S-Factor 3 – Every child should meet people from the world of work and business and be involved in an entrepreneurial activity at least once every term.
In the current climate, with youth unemployment at record breaking levels, it is critical that children and young people learn about the range of industries, professions and the myriad of ways to make a living that now exist.
If they come through their education without learning that to have a job they may eventually need to employ themselves, then, as educators, we have done them a huge disservice.
There are plenty of opportunities to unearth the professional skills and experiences that exist within your school and college community.
Existing visitors to school, people at venues you go and visit and parents and governors all have stories to tell about their professional and creative lives.
As well as an enterprising curriculum, the chance to ‘learn by doing’ through undertaking business and enterprise activities is crucial. Schools and colleges have a key role to play, providing entrepreneurial opportunities – big and small, real and simulated – so young people can develop their business nous, skills and resilience.
And, finally – why would we suggest making this a once-a-term commitment?
Well, we passionately believe that culture change isn’t going to happen if young people get one or two collapsed days of enterprise every year, or meet just one of two role models. Those experiences might be engaging and great fun, but they’re over as soon as they start.
To develop enterprise skills and aspirations most young people need consistent enterprising learning and inspiration over time, which increases in sophistication and challenge.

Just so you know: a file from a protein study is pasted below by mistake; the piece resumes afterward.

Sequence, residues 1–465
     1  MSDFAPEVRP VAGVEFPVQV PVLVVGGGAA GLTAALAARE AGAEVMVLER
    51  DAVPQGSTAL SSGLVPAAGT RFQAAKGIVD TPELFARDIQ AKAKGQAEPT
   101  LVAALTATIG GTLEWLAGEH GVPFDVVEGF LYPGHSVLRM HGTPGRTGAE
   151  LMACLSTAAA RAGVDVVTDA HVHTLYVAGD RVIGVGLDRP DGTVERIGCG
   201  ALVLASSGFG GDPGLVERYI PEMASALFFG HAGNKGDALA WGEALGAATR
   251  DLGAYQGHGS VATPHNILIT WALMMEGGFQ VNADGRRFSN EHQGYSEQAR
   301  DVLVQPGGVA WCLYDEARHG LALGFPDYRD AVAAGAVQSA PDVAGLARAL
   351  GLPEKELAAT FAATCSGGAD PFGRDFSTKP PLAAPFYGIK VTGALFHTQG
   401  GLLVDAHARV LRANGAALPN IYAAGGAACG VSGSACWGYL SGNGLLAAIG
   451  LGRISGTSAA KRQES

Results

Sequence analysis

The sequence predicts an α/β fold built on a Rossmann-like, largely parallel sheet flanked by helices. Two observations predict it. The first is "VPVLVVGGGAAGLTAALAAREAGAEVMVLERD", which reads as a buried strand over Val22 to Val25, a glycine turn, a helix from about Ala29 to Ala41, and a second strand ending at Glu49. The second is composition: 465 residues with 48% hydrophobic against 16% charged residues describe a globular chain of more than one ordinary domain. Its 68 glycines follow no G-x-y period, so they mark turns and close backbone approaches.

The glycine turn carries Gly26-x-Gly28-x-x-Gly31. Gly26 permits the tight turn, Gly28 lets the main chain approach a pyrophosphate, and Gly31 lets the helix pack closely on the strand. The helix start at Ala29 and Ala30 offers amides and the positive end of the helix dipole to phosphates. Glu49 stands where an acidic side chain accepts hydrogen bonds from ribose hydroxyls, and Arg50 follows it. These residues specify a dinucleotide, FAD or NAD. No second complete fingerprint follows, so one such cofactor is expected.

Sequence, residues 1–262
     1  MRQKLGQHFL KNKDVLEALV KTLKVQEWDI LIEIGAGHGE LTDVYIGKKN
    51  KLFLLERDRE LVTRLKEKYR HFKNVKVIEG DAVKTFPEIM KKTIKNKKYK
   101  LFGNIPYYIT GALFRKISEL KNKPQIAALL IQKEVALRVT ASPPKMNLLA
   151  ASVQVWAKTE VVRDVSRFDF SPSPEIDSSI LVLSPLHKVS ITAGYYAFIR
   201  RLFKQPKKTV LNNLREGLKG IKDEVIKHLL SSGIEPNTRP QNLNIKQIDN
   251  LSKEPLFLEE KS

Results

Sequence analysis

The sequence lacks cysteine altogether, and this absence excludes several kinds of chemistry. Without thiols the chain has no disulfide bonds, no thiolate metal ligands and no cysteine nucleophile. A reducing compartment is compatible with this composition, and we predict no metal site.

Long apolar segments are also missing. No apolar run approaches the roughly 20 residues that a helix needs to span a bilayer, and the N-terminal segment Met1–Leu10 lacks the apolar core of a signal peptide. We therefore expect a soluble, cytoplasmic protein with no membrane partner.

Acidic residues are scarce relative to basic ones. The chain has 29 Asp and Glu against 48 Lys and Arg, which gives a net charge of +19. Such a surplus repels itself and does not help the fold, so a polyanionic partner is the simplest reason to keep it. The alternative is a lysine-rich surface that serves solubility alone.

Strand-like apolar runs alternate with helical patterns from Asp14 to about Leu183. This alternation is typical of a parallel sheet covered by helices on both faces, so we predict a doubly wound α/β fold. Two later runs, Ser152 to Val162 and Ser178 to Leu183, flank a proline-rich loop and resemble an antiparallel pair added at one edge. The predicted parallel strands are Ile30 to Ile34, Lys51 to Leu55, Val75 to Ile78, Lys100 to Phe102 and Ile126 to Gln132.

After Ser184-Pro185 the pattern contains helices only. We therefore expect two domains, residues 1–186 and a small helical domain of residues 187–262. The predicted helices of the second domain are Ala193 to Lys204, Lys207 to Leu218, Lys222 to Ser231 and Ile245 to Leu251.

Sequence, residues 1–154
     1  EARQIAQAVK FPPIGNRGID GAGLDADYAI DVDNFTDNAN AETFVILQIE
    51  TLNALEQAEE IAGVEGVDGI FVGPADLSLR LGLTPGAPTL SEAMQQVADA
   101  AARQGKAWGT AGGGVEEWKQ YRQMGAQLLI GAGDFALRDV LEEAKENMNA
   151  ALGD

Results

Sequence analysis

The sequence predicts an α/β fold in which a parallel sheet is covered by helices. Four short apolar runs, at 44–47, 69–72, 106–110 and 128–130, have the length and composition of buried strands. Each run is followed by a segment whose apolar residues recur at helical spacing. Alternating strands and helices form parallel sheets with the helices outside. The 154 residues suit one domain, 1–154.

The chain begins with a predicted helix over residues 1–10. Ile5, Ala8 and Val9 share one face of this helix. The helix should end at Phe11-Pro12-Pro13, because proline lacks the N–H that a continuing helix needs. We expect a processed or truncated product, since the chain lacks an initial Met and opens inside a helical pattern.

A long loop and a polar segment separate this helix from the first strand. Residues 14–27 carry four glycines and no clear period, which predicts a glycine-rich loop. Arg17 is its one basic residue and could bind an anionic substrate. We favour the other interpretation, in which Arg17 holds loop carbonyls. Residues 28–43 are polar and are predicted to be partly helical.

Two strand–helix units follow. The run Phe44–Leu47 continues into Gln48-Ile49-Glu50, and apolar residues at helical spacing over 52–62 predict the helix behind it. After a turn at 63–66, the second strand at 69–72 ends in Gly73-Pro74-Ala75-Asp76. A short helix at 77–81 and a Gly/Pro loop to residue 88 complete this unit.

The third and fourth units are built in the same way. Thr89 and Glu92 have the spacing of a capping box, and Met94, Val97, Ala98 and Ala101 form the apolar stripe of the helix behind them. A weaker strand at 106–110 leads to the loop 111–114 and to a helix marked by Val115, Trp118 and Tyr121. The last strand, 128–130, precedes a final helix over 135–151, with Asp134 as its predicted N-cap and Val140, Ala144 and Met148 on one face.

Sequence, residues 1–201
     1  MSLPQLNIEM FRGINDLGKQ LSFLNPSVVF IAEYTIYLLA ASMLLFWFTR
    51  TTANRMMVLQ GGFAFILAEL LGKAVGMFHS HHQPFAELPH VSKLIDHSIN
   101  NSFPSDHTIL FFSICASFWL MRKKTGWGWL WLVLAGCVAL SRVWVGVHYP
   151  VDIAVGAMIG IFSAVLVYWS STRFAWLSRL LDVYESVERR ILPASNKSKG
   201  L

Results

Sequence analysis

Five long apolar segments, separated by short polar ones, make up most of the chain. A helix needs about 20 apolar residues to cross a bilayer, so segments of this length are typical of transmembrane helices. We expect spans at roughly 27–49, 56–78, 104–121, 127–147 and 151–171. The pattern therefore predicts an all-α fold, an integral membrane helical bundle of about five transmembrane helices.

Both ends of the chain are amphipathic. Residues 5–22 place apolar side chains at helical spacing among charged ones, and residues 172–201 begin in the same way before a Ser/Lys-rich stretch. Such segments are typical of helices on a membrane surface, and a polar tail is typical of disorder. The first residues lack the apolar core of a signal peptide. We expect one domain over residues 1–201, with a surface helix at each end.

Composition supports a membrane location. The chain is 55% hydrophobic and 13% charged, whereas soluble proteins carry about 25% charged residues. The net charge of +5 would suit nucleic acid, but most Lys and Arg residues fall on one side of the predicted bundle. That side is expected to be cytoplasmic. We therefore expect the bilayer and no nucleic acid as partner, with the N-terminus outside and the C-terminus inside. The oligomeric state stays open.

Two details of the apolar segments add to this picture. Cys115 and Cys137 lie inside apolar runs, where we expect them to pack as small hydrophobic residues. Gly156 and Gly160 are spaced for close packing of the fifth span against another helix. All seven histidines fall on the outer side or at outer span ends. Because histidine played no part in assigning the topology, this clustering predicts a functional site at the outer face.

Now, that doesn’t mean you have to run something like Make £5 Blossom every term – no, that’s where you’re enterprising teachers come in. If every teacher is equipped and confident to develop enterprising curricula, they will understand the importance of linking with the world of work and business and creating entrepreneurial opportunities and be motivated to do so.
What we do:
We have developed a range of employer engagement programmes and ideas for engaging role models from your school, college or the wider community.
See our ‘Make £5 Blossom’ resource – a tried and tested employer engagement programme that develops business and enterprise skills, knowledge and understanding.
- An Infant school linked with a local business and received a loan so that each class had £20 to start their own ventures. The children took over the school fair, normally run by the parents group and set about developing new ideas for stalls and fundraising, with a marketing campaign to promote the event. Planning and organising the fair provided rich material to link with the curriculum, particularly in literacy, maths, art, design technology and speaking and listening. The fair was a record breaking success – the best ever attended – children had been so enthused with their new ownership of the event that many who had not previously attended brought their families along. As a result, children have taken over managing all of the school events, and parental engagement with the events, and school life, has increased.
- Geography students at a secondary school were learning about the economy and employment in developing countries and the simple and ingenious services and products which traders and street entrepreneurs devise. As part of the unit of work, students were challenged to put themselves in the position of a street trader and try to make money from nothing. In a following lesson, students created a street market, providing hand massages, sewing services, and caricatures. As well as a hands-on learning experience that developed their enterprise skills, students also developed a deeper empathy and understanding of the informal economy in developing countries.
- Art and Design students at college ran a mini venture alongside their studies – creating a professional private view to showcase their work. They had a budget to create a marketing campaign and were tasked to manage the event, developing their planning skills and creativity. To keep costs down students designed and printed their own posters, for which they received a lot of positive feedback. The students decided to continue to develop the design business, providing bespoke lithographic design and print to college departments, the wider community and local businesses. This experience raised students awareness of self employment and gave them real business skills and experience to add to their C.V's.